Summary: Antoinette Cosway, known as Bertha Mason in the novel Jane Eyre, spends her childhood in the Caribbean during a socially tumultuous time. Antoinette is a white Creole meaning some of her ancestors were slaves but her appearance is different from her origins. Her mother is mentally unhealthy, her brother is mentally delayed, and her father is dead. Antoinette narrates the first half of the novel, and then the story shifts and a young English gentleman named Edward Rochester narrates after their marriage. The next half of the novel describes the ups and downs of Antoinette and Rochester’s marriage as well as the factors that led to Antoinette slowly losing her sanity.
Six Word Review: An interesting read with vivid imagery.
I started reading because: I liked Jane Eyre and was interested in getting to know Bertha’s character better.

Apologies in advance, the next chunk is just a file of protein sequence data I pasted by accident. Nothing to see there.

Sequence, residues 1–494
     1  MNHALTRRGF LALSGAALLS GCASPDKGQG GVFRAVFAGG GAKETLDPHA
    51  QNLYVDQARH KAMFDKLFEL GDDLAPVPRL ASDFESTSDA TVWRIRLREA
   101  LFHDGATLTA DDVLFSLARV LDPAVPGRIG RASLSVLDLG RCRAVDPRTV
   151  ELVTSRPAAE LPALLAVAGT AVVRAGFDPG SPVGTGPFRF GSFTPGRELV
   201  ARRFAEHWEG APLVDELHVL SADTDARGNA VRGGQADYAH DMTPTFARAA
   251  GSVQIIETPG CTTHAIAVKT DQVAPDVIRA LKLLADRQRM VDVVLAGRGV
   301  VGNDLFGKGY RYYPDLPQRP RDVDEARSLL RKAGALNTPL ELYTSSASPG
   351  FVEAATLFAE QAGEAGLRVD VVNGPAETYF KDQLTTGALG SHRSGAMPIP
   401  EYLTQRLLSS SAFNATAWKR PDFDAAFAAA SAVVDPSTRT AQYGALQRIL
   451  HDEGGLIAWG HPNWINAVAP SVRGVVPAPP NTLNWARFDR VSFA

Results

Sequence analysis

I would give this book10/10 stars because the motifs, themes, imagery, juxtapositions, and other literary devices are abundant.
I loved that Jean Rhys explored multiple character perspectives. The story is narrated by Antoinette, Rochester, and even briefly by a minor character. I hated that the description of the time at Thornfield was so brief. It makes sense because the author is demonstrating Antoinette’s mental instability, but it still would have been cool to know more about what that time was like for Antoinette.
If Antoinette was in a high school yearbook, she would be voted Most Likely To: Have A Hard Time Fitting In.
Anything else we should know? The movie adaptations are more overly romanticized and don’t provide an accurate portrayal of the author’s intent.